There are two files you'll find in your project that are important for Webiny: webiny.root.js and webiny.config.js.


This file is always located in your project's root and is unique. Our CLI relies on this file to find the project root when you run it from project folders that are not root.

  • template - this property contains the name and version of the project template you used to bootstrap your project. It may not be very important to you at this point, but it will help us to provide you with migration tools and other support in the future.

  • projectName - generated using your project folder name. This one is used to name resources during deployment of infrastructure to the cloud. It will help you to look for specific resources in AWS Console.

  • cli

    • plugins - an array of CLI plugins. You can easily add your own CLI plugins here to expand the Webiny CLI capabilities.

Here's what this file may look like in your project:

module.exports = {
template: "@webiny/[email protected]",
projectName: "my-project",
cli: {
plugins: [


You will find this file in each package that represents an app or an API resource. In this file we define:

  • commands - arbitrary functions to be executed by yarn webiny run [command]

In the future, we may add more features in here, but for now it's just commands.

This file gives you a way to create your own commands to handle your code, by writing simple functions. We provide a lot of utility functions in our @webiny/project-utils package for you to use for bundling apps, functions, etc. A good example is found in apps/admin/webiny.config.js. The example below shows a simplified version of the aforementioned file:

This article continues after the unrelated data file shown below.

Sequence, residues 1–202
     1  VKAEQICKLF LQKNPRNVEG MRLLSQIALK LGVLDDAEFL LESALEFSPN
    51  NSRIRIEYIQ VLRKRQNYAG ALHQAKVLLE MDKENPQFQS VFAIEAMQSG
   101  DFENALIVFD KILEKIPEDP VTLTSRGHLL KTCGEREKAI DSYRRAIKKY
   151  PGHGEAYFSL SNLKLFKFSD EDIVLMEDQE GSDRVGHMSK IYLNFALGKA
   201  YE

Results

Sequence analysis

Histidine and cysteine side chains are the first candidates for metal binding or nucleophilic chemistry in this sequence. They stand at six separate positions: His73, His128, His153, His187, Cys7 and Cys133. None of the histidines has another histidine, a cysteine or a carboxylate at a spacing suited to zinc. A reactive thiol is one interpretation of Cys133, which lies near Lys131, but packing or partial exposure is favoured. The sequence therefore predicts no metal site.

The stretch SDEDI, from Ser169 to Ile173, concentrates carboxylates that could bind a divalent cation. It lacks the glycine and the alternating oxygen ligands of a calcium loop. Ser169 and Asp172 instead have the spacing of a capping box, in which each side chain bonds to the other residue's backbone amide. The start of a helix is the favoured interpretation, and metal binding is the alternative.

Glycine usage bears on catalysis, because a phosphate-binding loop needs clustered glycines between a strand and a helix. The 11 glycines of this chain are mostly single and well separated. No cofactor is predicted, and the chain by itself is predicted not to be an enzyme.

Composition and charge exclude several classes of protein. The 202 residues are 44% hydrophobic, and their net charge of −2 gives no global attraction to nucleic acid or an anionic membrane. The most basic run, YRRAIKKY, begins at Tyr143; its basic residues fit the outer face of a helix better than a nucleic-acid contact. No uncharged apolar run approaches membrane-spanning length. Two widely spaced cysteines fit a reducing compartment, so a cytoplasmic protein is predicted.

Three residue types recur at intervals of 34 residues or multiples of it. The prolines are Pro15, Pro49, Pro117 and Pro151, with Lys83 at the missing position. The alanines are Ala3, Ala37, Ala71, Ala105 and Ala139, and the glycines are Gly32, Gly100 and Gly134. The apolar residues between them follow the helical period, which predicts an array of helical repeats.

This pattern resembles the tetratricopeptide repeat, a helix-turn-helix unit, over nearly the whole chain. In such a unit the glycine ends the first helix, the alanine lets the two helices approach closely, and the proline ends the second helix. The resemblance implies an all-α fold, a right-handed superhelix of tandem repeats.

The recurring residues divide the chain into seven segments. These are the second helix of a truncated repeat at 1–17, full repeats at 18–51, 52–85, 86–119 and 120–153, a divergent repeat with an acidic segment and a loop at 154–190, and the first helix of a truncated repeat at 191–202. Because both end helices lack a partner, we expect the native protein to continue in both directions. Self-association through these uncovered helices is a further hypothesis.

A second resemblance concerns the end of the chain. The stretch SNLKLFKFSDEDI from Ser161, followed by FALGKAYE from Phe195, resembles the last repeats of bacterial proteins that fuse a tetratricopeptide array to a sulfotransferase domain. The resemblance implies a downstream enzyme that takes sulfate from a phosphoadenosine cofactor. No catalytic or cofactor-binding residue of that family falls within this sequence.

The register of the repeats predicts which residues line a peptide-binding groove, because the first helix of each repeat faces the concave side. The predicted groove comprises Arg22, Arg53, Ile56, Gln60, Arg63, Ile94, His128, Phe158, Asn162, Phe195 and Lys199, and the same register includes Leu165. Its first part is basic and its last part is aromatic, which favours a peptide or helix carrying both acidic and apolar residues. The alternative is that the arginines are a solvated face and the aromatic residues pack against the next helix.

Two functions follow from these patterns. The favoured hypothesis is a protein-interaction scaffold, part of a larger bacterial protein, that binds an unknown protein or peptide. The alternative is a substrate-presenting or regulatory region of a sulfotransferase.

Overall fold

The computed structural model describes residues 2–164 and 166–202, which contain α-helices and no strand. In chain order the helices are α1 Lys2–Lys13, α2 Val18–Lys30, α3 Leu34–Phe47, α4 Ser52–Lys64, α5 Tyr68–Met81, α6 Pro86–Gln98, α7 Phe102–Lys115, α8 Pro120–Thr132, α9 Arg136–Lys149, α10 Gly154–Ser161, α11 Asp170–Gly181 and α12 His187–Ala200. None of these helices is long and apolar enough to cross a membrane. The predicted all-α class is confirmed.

// webiny.config.js
const { startApp, buildApp, buildAppHandler } = require("@webiny/project-utils");
const { setEnvironmentFromState } = require("@webiny/cli-plugin-deploy-components/utils");
const map = {
REACT_APP_USER_POOL_REGION: "${cognito.userPool.Region}",
REACT_APP_GRAPHQL_API_URL: "${cdn.url}/graphql",
REACT_APP_API_URL: "${cdn.url}",
REACT_APP_FILES_PROXY: "${cdn.url}",
REACT_APP_USER_POOL_ID: "${cognito.userPool.Id}",
REACT_APP_USER_POOL_WEB_CLIENT_ID: "${cognito.appClients[0].ClientId}"
module.exports = {
commands: {
async start({ env, stack, ...options }, context) {
// Set environment variables from state
await setEnvironmentFromState({ env, stack, map }, context);
// Start local development
await startApp(options, context);
async build({ env, stack, ...options }, context) {
// Set environment variables from state
await setEnvironmentFromState({ env, stack, map }, context);
// Bundle app for deployment
await buildApp(options, context);
// Build Lambda handler which will serve files to CDN
await buildAppHandler(options, context);

With this you defined a webiny.config.js file and 2 commands: start and build. The most common way to run them is by adding a script to your package.json located right next to the webiny.config.js file:

// package.json (most of the file contents is skipped to focus on the example at hand)
"scripts": {
"start": "env-cmd -r .env.json -e default webiny run start --env=local --stack=api",
"build:dev": "env-cmd -r .env.json -e default webiny run build --env=dev --stack=api",
"build:prod": "env-cmd -r .env.json -e default webiny run build --env=prod --stack=api"

You can also run the command by calling yarn webiny run [name].

Command parameters

Every command you define will have the same parameters, options and context:

  • options - is an object containing input parameters parsed by yargs which we use under the hood for our CLI. By running yarn webiny run myCommand --custom=value, yargs will parse that command and your custom parameter will be accessible via the options.
  • context - this is a Context object provided by Webiny CLI. It contains helper methods, plugins and other useful information constructed at runtime.
Last updated on by Pavel Denisjuk